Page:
RBI chief challenges “group wisdom” on economy
India’s central bank chief Duvvuri Subbarao may not be an established economist or a career banker, but he has a rare set of skills — of an administrator, non-conservative thinker with degrees in physics and economics — who can take on the group wisdom of economists and markets.
While delivering an address on “Role of Economics in Policy Making” at the golden jubilee function of the Indian Economic Service — the career economists in Indian administration — he said they were challenging the wisdom of “celebrated” economists and economic models.
That may be the reason why Subbarao was probably alone in opting for a 50 basis points rate hike in July while the majority of panel members favoured a pause in monetary tightening or at the most a 25 basis points rise in rates.
The Reserve Bank of India (RBI), headed by Subbarao, is one of the most aggressive inflation fighters among central banks, and has raised rates 11 times since March 2010, though inflation still remains at over 9 percent.
India’s finance minister Pranab Mukherjee is said to have been annoyed by an almost open revolt by Subbarao last year against the setting up of a body headed by the finance minister to regulate disputes among regulators. Later, the RBI governor was also made a co-chairman of the body.
In the last two years, Prime Minister Manmohan Singh and Finance Minister Pranab Mukherjee may have been blamed for inadequate measures to contain inflation and corruption, but Subbarao has been widely hailed for his “heads on” approach to contain inflation.
His two-year extension was widely hailed by economists and the markets, and was considered a sign of the prime minister’s faith in a person who served under him. Analysts say the finance minister has virtually handed over the task of containing inflation to him. And he is trying his best.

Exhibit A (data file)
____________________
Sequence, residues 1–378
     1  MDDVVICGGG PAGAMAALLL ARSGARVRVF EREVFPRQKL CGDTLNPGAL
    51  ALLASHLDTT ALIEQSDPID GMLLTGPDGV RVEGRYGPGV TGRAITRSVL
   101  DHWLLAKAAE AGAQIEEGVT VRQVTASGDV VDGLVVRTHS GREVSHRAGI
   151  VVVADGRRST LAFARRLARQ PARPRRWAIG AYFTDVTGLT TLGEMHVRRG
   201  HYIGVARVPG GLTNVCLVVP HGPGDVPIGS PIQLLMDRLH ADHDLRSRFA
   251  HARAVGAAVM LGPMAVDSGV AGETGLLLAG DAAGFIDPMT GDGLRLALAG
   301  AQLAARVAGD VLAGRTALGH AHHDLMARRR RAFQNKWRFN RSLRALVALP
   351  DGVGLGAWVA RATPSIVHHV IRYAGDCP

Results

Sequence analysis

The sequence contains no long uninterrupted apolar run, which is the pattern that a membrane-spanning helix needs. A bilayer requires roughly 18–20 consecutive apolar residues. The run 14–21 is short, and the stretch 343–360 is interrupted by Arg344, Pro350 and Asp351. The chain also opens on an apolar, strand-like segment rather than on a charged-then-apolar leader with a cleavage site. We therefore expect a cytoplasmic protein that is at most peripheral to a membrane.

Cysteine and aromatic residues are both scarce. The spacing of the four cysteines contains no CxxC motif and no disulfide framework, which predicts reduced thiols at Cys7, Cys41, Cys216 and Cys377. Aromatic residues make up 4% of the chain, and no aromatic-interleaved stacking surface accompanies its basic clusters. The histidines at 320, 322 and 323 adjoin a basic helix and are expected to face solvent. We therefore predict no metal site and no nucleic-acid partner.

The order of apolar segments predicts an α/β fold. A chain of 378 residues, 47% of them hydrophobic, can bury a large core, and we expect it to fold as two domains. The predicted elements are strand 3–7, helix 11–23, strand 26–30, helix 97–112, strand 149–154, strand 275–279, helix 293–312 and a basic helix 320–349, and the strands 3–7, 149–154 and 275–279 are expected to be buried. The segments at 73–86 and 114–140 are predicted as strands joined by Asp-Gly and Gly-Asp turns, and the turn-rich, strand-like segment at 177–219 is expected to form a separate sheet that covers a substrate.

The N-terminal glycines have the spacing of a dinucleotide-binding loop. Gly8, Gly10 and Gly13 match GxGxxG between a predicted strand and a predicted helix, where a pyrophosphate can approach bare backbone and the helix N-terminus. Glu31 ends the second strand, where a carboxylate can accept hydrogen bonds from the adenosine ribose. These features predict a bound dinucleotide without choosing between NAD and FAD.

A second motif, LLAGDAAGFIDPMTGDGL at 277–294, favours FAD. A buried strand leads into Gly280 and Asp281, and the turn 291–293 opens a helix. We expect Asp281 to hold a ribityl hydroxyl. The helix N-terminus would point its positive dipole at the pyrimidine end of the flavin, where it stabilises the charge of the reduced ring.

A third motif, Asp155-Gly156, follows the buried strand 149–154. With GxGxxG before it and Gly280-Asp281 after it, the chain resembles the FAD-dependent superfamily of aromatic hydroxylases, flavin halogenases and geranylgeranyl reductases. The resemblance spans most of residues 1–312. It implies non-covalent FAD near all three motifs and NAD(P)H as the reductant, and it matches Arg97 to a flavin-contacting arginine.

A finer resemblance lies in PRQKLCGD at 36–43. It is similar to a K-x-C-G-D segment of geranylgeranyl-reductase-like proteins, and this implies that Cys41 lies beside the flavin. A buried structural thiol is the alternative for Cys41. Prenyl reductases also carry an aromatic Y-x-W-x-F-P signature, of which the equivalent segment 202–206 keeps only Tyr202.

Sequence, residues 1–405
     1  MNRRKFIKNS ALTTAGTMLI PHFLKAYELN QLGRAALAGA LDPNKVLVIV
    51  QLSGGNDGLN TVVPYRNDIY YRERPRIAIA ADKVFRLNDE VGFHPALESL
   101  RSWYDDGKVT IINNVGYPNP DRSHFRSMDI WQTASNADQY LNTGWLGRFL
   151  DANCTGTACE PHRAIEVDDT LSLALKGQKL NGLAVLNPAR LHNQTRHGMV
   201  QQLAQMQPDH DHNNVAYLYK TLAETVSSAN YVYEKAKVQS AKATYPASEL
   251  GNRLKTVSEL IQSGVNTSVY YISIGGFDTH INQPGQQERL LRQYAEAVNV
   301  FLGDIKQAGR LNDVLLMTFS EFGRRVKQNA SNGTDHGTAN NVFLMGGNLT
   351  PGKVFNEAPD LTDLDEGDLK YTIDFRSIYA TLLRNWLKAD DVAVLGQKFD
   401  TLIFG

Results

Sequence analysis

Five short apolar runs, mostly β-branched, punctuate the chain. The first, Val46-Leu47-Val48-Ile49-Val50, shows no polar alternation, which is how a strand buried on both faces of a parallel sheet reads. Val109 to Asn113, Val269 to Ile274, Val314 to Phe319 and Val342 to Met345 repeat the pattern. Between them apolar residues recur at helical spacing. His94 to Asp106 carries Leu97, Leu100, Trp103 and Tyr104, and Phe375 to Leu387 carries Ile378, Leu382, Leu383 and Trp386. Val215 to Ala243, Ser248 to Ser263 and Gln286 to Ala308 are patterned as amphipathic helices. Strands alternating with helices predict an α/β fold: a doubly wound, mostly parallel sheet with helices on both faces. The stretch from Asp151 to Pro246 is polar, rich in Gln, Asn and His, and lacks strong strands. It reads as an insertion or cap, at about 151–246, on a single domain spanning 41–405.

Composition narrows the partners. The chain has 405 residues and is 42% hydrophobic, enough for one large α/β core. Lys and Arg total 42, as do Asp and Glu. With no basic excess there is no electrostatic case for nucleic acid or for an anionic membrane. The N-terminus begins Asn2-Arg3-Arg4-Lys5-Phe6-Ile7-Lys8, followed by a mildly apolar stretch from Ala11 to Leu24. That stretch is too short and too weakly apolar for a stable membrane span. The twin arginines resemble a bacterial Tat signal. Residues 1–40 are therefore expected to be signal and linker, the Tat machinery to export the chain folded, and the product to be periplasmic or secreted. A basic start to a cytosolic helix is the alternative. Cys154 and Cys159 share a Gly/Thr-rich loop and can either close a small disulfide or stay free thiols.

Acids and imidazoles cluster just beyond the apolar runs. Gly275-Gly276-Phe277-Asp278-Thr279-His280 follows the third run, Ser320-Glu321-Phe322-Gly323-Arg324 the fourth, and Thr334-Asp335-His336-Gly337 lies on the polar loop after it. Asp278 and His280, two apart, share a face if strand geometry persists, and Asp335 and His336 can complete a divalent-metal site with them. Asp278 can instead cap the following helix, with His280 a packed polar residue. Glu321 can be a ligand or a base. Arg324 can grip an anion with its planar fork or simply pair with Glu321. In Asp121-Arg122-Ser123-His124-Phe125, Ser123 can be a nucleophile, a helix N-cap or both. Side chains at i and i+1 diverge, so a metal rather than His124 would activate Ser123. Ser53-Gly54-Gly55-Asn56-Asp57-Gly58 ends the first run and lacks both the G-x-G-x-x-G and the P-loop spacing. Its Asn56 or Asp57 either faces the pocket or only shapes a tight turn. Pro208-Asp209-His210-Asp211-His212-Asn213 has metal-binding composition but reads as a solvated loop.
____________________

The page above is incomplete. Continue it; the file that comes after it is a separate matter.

It is another matter that Subbarao would often remind the finance minister that inflation cannot be contained through monetary action alone.
In fact, after getting a two-year extension despite apparent opposition by some people in New Delhi, he has become bolder.
Quoting Paul Samuelson, Subbarao told the officials, “I don’t care who writes the nation’s laws as long as I am able to write its text books.”
Some people may consider his humility and courtesy to even junior officials as intellectual weakness, but he can challenge the economic models of established economists in New Delhi and global think tanks.
Referring to a June article in the Economist, which declared India as one of the top over-heated economies among emerging markets, he questioned their parameters.
Taking a dig at the celebrated economists, Subbarao said just before the global crisis in 2008, the economists had started behaving as if the last question in economics has been answered and they have found the holy grail.
Analysts admit that he has been “baptised by fire” caused by the Lehman brothers’ bankruptcy and the subsequent financial and economic crisis.
His co-ordination with officials of the finance ministry and finance minister Palaniappan Chidambaram helped India withstand the turmoil.
Referring to his test during the global crisis, Subbarao said he felt physical stimulus must be more than what the models suggested because the models were made for economics and not for crisis.
Given the current upheavals in the global markets and threats of a double-dip recession in the U.S., India can still bank on its chief banker.